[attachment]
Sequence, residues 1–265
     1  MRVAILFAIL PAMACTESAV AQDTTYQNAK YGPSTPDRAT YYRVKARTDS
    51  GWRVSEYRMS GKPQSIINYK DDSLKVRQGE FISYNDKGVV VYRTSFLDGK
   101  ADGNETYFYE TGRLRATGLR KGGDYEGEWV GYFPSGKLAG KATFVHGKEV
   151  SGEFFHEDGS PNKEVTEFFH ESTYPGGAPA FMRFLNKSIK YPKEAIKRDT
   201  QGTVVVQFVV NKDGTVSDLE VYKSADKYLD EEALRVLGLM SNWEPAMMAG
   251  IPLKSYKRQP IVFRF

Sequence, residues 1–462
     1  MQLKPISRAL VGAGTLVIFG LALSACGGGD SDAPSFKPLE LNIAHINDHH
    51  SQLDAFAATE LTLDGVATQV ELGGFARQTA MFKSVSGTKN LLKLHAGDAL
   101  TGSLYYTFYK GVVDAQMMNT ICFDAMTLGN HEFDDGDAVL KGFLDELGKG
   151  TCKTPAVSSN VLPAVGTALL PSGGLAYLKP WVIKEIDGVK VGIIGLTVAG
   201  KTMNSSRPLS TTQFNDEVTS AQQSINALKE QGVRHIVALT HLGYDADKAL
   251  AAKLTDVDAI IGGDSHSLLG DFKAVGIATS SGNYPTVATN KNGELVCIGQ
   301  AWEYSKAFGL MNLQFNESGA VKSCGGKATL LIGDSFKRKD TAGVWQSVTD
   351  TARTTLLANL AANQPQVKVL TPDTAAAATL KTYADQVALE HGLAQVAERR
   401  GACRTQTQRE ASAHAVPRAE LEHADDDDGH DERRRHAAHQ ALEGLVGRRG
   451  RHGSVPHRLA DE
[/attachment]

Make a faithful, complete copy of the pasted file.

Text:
Sequence, residues 1–265
     1  MRVAILFAIL PAMACTESAV AQDTTYQNAK YGPSTPDRAT YYRVKARTDS
    51  GWRVSEYRMS GKPQSIINYK DDSLKVRQGE FISYNDKGVV VYRTSFLDGK
   101  ADGNETYFYE TGRLRATGLR KGGDYEGEWV GYFPSGKLAG KATFVHGKEV
   151  SGEFFHEDGS PNKEVTEFFH ESTYPGGAPA FMRFLNKSIK YPKEAIKRDT
   201  QGTVVVQFVV NKDGTVSDLE VYKSADKYLD EEALRVLGLM SNWEPAMMAG
   251  IPLKSYKRQP IVFRF

Sequence, residues 1–462
     1  MQLKPISRAL VGAGTLVIFG LALSACGGGD SDAPSFKPLE LNIAHINDHH
    51  SQLDAFAATE LTLDGVATQV ELGGFARQTA MFKSVSGTKN LLKLHAGDAL
   101  TGSLYYTFYK GVVDAQMMNT ICFDAMTLGN HEFDDGDAVL KGFLDELGKG
   151  TCKTPAVSSN VLPAVGTALL PSGGLAYLKP WVIKEIDGVK VGIIGLTVAG
   201  KTMNSSRPLS TTQFNDEVTS AQQSINALKE QGVRHIVALT HLGYDADKAL
   251  AAKLTDVDAI IGGDSHSLLG DFKAVGIATS SGNYPTVATN KNGELVCIGQ
   301  AWEYSKAFGL MNLQFNESGA VKSCGGKATL LIGDSFKRKD TAGVWQSVTD
   351  TARTTLLANL AANQPQVKVL TPDTAAAATL KTYADQVALE HGLAQVAERR
   401  GACRTQTQRE ASAHAVPRAE LEHADDDDGH DERRRHAAHQ ALEGLVGRRG
   451  RHGSVPHRLA DE